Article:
There are also many supplements that you could consider to help offset antipsychotic-induced brain damage.  Obviously you’ll want to talk to your doctor before supplementing anything along with an antipsychotic medication due to potentially unwanted contraindications.  There are many neuroprotective agents and nootropics, some of which may combat volume loss stemming from your medication.

Another activity that has been documented as increasing brain volume, particularly activation of the prefrontal cortex and grey matter is meditation.  Those that become adept at meditation may find that the increased grey matter derived from consistent practice may improve brain health and ultimately mitigate some of the volume reduction.

Can you determine brain volume loss from antipsychotic treatment?

Yes.  In an article I wrote called “How to Improve Psychiatric Treatment Outcomes,” I recommended getting brain scans to determine how you are responding to treatment.  Certain scans such as an fMRI should help you determine brain volume changes throughout treatment.  Other brain scans may show blood flow (e.g. SPECT) and tools like a QEEG can determine how brain waves may be changing over time.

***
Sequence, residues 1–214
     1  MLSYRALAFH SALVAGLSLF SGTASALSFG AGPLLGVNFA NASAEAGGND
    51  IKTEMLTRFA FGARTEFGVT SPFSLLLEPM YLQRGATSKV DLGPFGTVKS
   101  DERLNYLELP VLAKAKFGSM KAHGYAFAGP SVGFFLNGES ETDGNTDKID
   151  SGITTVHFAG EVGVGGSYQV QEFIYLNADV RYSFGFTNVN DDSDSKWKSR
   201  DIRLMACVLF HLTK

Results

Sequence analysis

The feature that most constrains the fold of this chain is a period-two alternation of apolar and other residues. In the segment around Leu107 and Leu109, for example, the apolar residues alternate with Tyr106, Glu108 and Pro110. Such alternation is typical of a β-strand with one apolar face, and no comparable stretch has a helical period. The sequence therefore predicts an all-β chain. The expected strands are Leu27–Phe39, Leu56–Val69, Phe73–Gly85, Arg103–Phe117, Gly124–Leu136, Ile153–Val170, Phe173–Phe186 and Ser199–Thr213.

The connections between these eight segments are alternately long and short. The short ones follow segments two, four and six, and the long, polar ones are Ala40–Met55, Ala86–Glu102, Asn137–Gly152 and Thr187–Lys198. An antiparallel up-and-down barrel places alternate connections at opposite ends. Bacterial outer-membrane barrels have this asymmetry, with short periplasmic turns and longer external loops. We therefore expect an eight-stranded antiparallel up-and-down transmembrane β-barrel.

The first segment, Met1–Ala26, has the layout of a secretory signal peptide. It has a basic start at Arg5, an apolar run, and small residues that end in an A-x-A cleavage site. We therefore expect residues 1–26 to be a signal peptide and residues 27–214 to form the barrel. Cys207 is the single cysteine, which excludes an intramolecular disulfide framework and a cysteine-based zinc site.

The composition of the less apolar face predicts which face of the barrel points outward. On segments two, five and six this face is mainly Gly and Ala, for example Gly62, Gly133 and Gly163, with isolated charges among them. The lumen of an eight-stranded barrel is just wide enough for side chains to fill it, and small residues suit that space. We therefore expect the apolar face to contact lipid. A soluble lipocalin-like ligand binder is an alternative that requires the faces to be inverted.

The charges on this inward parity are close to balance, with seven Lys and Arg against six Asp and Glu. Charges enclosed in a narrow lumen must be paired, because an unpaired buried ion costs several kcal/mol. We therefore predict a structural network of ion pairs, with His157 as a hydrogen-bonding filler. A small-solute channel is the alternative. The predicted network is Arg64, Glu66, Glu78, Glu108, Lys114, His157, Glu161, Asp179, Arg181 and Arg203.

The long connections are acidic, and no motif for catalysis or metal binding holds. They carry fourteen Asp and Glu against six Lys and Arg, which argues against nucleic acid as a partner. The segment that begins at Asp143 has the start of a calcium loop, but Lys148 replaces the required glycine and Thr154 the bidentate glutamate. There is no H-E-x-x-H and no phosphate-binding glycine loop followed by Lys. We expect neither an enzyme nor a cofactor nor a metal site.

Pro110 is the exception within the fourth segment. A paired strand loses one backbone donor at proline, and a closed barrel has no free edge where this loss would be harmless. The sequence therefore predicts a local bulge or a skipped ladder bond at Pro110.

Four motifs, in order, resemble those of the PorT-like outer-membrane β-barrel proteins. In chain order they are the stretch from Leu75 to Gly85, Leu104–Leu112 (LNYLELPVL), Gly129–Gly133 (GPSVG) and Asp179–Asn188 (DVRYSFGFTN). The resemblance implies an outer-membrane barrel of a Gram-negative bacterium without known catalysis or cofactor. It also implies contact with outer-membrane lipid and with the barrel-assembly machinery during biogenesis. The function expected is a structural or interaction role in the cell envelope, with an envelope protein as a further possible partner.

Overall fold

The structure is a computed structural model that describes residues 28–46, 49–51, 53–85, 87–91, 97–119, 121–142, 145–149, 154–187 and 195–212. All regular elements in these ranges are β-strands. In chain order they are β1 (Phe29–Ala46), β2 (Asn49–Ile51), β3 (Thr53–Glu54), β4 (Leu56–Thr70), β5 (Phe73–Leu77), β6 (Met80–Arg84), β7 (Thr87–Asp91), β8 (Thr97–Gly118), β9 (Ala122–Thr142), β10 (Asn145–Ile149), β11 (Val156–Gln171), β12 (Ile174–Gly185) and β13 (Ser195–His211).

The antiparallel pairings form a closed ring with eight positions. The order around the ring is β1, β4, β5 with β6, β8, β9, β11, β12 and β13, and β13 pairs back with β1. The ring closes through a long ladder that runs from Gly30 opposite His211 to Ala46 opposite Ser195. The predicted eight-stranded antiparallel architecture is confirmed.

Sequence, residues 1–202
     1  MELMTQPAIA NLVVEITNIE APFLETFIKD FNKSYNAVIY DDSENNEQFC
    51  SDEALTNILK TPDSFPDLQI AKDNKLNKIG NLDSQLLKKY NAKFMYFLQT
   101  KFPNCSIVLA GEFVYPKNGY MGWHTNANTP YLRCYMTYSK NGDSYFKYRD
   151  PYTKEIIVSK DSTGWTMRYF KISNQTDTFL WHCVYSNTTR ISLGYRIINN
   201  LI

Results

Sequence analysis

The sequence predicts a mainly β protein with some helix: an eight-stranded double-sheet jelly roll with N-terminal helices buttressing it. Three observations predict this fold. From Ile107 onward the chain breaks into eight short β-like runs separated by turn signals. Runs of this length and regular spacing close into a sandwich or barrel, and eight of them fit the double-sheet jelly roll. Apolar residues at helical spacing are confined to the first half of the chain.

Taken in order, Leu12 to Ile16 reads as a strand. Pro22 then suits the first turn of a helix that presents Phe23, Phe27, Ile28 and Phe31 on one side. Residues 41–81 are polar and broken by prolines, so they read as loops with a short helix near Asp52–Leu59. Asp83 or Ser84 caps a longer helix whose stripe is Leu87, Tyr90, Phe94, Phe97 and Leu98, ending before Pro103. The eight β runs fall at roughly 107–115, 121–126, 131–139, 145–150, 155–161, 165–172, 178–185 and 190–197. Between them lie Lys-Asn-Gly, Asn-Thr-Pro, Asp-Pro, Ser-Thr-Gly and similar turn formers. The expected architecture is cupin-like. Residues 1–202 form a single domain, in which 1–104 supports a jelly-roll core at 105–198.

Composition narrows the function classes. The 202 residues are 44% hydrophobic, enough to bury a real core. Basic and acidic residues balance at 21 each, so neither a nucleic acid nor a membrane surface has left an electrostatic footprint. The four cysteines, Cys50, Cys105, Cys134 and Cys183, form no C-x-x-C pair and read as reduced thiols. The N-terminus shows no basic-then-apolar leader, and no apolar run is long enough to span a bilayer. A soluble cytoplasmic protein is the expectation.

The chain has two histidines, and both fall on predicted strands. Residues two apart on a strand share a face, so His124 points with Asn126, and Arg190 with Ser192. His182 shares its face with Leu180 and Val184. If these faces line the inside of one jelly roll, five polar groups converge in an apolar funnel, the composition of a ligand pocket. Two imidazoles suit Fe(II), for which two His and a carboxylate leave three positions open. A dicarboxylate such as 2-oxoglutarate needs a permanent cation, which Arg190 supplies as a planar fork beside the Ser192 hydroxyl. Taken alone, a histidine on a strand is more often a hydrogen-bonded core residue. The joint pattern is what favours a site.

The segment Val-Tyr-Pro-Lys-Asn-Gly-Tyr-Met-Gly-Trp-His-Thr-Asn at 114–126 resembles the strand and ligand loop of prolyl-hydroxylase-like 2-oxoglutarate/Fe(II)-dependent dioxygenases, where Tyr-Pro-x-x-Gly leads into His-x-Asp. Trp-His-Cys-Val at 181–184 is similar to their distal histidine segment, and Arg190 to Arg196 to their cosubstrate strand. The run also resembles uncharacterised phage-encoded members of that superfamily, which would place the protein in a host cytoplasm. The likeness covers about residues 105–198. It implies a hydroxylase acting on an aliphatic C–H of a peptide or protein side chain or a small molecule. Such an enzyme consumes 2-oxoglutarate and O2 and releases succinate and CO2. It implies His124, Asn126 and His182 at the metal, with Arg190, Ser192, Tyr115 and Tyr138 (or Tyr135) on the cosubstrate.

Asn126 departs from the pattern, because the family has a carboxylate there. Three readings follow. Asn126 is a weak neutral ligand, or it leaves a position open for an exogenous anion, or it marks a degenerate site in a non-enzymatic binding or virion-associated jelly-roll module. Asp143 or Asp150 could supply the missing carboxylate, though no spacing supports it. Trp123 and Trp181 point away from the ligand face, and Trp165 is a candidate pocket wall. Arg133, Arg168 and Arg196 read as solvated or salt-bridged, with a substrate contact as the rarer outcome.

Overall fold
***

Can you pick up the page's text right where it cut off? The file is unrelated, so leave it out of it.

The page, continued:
Assuming you wanted to track brain volume changes to yourself over time, you could get a baseline “pre-treatment” brain scan followed by another every 6 months, every year, or even every couple years.  This will help you gauge the medication-induced changes that occur over an extended duration.  Additionally, a neurologist will be able to compare your baseline brain scans with those that you get during treatment to determine specific areas that may be experiencing decline.

Should the fact that antipsychotics cause brain damage scare you?

Those that need to take antipsychotics may be alarmed by evidence suggesting that they cause brain damage over time.  Unfortunately, antipsychotics are generally considered the only effective treatment option for individuals with schizophrenia and psychosis.  Long-term prognoses for those who adhere to treatment are considerably better than those who stop taking their medications.

The benefits associated with taking antipsychotics for those with schizophrenia are thought to considerably outweigh drawbacks – including volumetric reductions.  These medications allow people to function in society and ultimately improve quality of life.  The upside is that brain volume reductions as a result of treatment aren’t generally regarded as severe.

Furthermore, they can be minimized by taking the minimal effective amount.  In the coming years, it is hoped that a newer generation of more targeted medications help reduce symptoms of schizophrenia with fewer side effects and no brain volume loss.  Doctors should responsibly inform patients taking antipsychotics for “off-label” conditions that brain damage may stem from their usage.